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          If you'll read this you will see that CSIS don't check
          with other countries for backround checks, only if
          they obtain themselves the clearence from specific
          countries from which they advise you not to obtain PCC
          (for Buffalo this countries are: irak, India... read
          below)

          So CSIS will searc in generaly only if your name
          apear in their database as a terrorist or a spion
          (espionage)

          If yoyr contry is one of those who is in a "black
          list" then they will check deeper... contacting that
          country
          :::::::::::::::::::::::::::::::::::::::::::::::::::::::::::::::::::::::::::::::::
          Security (Police and Background) Clearance




          Each applicant for a Canadian Immigrant Visa, aged 18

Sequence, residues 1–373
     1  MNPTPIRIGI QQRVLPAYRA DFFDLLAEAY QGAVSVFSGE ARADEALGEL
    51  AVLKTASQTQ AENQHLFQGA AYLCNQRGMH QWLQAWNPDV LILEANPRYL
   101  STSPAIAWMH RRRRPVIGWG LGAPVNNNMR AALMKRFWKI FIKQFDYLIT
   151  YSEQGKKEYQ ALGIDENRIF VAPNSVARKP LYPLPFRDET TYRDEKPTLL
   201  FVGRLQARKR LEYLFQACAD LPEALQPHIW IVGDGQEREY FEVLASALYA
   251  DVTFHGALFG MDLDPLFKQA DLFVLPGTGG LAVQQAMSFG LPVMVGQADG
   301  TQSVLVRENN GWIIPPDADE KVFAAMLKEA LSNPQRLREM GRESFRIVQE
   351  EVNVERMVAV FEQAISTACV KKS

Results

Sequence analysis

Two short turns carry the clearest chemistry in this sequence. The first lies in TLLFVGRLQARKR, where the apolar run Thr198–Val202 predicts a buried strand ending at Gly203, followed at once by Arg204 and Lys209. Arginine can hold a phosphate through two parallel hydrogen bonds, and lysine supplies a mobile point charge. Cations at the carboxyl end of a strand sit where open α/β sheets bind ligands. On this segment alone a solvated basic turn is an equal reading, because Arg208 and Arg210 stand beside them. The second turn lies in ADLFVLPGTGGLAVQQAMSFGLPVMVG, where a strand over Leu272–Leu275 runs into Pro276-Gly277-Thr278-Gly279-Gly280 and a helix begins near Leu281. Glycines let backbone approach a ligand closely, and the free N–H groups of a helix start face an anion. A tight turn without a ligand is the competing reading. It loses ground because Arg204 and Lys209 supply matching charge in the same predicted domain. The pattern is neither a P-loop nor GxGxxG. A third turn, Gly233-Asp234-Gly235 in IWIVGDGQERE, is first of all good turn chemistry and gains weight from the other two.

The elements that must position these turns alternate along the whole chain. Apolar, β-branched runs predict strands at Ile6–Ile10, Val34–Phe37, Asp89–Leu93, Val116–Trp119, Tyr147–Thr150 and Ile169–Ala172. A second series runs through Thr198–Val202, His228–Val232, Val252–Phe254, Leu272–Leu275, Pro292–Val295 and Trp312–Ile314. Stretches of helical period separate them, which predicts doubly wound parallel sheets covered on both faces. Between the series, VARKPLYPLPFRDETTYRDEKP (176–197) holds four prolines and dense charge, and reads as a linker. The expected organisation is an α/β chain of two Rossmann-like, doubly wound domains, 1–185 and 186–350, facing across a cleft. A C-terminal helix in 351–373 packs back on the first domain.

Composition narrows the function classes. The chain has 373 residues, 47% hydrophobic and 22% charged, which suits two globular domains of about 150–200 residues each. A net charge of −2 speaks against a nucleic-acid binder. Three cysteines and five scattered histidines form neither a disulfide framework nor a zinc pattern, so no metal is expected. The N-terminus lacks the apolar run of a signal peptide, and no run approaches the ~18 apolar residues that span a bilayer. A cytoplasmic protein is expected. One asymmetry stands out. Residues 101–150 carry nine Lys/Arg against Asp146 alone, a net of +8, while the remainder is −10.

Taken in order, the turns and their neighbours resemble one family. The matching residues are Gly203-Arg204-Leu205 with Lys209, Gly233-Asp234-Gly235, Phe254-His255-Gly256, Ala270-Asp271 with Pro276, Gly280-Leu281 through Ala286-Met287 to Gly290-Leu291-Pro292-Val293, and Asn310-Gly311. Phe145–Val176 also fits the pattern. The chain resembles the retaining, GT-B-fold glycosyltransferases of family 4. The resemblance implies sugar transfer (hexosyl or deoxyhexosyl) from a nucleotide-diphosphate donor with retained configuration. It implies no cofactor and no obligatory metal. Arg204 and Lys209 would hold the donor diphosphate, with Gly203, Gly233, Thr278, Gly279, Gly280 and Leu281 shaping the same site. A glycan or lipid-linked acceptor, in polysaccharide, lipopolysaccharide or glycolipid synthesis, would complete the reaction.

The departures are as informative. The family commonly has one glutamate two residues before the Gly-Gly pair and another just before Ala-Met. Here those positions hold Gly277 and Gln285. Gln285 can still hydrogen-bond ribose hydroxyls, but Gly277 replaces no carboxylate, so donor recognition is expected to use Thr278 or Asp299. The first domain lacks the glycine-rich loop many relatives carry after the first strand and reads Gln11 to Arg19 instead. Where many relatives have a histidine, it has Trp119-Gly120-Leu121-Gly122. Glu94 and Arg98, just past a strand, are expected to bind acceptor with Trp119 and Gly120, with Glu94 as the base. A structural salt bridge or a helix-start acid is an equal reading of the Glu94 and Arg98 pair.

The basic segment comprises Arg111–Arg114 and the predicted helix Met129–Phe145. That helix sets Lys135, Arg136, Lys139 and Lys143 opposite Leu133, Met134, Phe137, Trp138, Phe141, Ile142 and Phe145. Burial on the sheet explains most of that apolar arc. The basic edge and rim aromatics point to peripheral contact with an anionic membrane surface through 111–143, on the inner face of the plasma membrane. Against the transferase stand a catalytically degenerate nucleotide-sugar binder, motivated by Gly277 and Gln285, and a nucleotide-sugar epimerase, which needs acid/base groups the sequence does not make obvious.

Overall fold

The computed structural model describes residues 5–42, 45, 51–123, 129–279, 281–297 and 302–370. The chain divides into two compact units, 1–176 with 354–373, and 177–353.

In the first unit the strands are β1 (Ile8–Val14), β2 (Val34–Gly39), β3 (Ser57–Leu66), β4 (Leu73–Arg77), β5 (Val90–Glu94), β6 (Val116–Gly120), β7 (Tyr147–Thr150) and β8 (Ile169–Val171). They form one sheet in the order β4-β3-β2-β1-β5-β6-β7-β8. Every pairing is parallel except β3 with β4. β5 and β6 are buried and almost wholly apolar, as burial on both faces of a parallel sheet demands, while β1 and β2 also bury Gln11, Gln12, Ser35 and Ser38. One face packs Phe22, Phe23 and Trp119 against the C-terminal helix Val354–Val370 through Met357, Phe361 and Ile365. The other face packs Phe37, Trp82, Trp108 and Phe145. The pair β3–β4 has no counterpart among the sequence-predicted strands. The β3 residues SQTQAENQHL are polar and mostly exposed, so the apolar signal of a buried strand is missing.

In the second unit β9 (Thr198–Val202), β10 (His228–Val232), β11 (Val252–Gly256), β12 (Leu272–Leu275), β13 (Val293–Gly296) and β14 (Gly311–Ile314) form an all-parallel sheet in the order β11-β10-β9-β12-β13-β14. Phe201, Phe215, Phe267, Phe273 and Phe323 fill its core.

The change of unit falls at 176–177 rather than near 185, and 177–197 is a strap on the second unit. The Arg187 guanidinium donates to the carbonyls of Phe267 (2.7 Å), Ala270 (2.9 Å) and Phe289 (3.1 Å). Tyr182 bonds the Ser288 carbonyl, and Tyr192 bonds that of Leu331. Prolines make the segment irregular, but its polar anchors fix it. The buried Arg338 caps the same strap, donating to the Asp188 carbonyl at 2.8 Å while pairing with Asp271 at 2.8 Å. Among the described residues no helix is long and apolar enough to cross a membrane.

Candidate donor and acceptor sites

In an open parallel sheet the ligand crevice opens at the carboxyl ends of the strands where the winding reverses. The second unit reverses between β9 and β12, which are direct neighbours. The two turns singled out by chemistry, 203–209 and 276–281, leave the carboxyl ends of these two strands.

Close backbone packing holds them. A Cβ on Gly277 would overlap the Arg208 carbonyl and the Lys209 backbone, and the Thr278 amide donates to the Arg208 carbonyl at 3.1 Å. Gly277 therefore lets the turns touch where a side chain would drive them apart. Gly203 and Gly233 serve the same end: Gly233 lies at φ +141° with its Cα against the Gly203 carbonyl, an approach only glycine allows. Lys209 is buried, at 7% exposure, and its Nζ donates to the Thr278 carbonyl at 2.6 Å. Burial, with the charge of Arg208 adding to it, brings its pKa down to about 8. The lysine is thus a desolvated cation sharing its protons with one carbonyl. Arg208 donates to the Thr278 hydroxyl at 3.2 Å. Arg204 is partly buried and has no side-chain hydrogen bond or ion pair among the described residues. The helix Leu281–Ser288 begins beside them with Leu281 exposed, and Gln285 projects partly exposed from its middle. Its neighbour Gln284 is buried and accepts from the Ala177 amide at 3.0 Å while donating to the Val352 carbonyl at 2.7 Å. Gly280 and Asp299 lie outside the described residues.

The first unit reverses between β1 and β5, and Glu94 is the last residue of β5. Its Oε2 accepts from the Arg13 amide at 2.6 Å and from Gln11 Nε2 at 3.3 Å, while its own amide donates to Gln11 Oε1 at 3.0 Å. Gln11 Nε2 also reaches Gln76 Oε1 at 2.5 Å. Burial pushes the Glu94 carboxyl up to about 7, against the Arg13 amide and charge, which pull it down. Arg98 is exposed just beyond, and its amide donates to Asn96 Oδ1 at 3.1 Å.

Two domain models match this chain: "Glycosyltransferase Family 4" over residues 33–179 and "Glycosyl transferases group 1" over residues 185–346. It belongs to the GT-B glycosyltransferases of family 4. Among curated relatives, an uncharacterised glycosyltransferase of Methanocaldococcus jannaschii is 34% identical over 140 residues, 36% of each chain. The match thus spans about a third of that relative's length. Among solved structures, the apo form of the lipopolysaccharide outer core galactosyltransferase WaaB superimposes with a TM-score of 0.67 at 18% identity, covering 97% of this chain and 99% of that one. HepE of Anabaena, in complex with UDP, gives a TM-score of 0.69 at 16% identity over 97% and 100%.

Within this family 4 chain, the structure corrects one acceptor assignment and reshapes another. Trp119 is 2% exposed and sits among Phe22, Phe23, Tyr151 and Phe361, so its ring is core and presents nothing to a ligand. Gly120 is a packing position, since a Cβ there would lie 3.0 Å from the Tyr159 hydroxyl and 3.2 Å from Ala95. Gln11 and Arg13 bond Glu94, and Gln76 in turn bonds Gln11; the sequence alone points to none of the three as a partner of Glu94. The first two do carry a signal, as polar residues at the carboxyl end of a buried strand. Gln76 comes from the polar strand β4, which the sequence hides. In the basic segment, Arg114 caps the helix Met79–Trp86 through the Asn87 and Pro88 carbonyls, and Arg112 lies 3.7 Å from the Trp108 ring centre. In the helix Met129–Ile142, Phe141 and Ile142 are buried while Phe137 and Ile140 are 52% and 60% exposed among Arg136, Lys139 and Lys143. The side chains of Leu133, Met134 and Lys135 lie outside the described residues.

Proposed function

or over, is required to prove that he or she has no
          criminal record. Police clearance certificates or
          certificates of non-criminal activity, as they are
          sometimes referred to, must be obtained from the
          country of current residence and from each country in
          which the applicant has resided for more than 6 months
          since his or her 18th birthday. Police clearance
          certificates are considered valid for a period of 6
          months and they usually can be obtained through law
          enforcement offices or other government agencies. In
          extenuating circumstances Canadian visa offices will
          waive the requirement to submit police clearance
          certificates.

          All potential immigrants to Canada must also undergo a
          background clearance to weed out those who have been
          or are involved in espionage, subversion or terrorism.
          This is to ensure that the safety and order of
          Canadian society are maintained and protected. Such
          security screening decisions are made based on
          information from every available source, which is then
          carefully weighed to determine whether an applicant is
          likely to threaten the internal security of Canada.
          When there is an indication of security concerns an
          interview will be scheduled to discuss these findings
          with the applicant. Anyone who poses such a threat